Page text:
Whether the second requirement of section 421 is met (that is, is the property being used exclusively for exempt purposes) is a determination which must be made by the local assessors who have first hand knowledge of the actual use being made of the property.

With respect to whether the parcel is being used exclusively for exempt purposes, it should be noted that the use of real property for ecological purposes is a relatively new concept insofar as it relates to the exempt status provided in section 421. However, the legal precedents available would seem to indicate that certain ecological uses of real property do qualify for exempt status under that law (In Matter of Wildlife Preserves Inc. v. Scopelliti, 66 Misc.2d 611, 321 N.Y.S.2d 1004; People ex rel. Untermeyer and McGregor, 295 N.Y. 237, 66 N.E.2d 292; Petition of North Manursing Wildlife Sanctuary, 52 Misc.2d 96, 274 N.Y.S.2d 915, rev’d 28 App. Div.2d 891, 282 N.Y.S.2d 18; In re American Museum of Natural History, 17 Misc.2d 855, 187 N.Y.S.24; 390).

It is our opinion that a parcel of land which is simply isolated from public and private use and is unmanaged and which, therefore, becomes a totally wild dwelling place for whatever plants and creatures come to inhabit it would not be a use which is set forth in section 421.

If, however, there is some professional or scientific management of the area in conjunction with a planned program of use of the area for educational or scientific purposes, such use would be within the scope of the exemption statute.

In the most recent case cited above, the Wildlife Preserves Inc. case, the Court found that a wildlife sanctuary was exempt on the basis of the following facts (321 N.Y.S.2d at page 1007):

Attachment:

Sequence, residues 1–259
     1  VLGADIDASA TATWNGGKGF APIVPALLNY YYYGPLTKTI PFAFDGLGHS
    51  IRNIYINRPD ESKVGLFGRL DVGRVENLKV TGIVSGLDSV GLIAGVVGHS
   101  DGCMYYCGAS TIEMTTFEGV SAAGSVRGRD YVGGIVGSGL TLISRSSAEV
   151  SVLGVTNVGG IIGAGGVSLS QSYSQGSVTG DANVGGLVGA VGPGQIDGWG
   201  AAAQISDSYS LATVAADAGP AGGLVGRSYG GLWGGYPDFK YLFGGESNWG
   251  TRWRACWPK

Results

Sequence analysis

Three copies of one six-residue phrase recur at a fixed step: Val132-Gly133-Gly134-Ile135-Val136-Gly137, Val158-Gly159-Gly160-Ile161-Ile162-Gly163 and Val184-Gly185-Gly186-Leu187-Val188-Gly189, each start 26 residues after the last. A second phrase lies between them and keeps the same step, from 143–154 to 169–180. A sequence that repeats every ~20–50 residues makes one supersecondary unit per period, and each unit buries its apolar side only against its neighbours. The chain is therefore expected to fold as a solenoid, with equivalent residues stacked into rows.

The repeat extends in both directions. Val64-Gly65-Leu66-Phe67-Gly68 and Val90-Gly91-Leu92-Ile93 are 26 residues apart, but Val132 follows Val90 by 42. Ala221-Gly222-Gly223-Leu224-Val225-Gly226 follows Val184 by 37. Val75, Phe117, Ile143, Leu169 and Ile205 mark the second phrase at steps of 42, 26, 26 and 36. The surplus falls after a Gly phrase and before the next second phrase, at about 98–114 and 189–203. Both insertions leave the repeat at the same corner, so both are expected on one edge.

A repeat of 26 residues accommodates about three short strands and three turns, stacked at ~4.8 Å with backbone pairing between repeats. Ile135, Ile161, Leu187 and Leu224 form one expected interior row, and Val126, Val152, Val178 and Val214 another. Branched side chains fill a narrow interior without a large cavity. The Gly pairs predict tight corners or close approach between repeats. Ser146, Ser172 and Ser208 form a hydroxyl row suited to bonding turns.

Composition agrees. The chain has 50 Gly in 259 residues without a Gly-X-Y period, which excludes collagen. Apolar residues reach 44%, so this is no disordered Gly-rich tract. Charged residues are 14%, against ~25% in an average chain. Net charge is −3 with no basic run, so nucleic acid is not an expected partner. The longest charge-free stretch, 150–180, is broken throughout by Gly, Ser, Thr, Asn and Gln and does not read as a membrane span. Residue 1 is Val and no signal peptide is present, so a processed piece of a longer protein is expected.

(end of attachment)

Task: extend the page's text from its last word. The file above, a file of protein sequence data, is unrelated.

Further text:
“I am satisfied from the foregoing that the Marsh Sanctuary is a storehouse of scientific and educational material and, based on the testimony, that this area, since 1957, has been posed to keep out marauders; that trails have been established to facilitate travel through the sanctuary; that signs have been posted identifying the sanctuary and welcoming the visitor; that funds have been expended on affixing identification markers to trees and shrubbery and on feeding certain wildlife. I find that over the years there has been considerable activity conducted by this corporation and committees under its supervision designed to bring the advantages of the sanctuary to the attention of schools, colleges such as Rutgers, Yale, Columbia and others, which in fact made subsequent use of the facilities, and other groups, and that over the years groups of Scouts, nature lovers, Audubon Society members, school groups and adult education groups have either been brought through the sanctuary or had the materials gathered there called to their attention in the form of lectures or written articles, and that this activity was of a level to sustain any burden which may be cast on the owner of the premises above and beyond the preservation of the area as a sanctuary.”

Whether the use of the property in this case will fall within the above guidelines is a matter the assessor must determine by investigating the facts surrounding the use of that property.

January 15, 1973
Revised August 7, 1973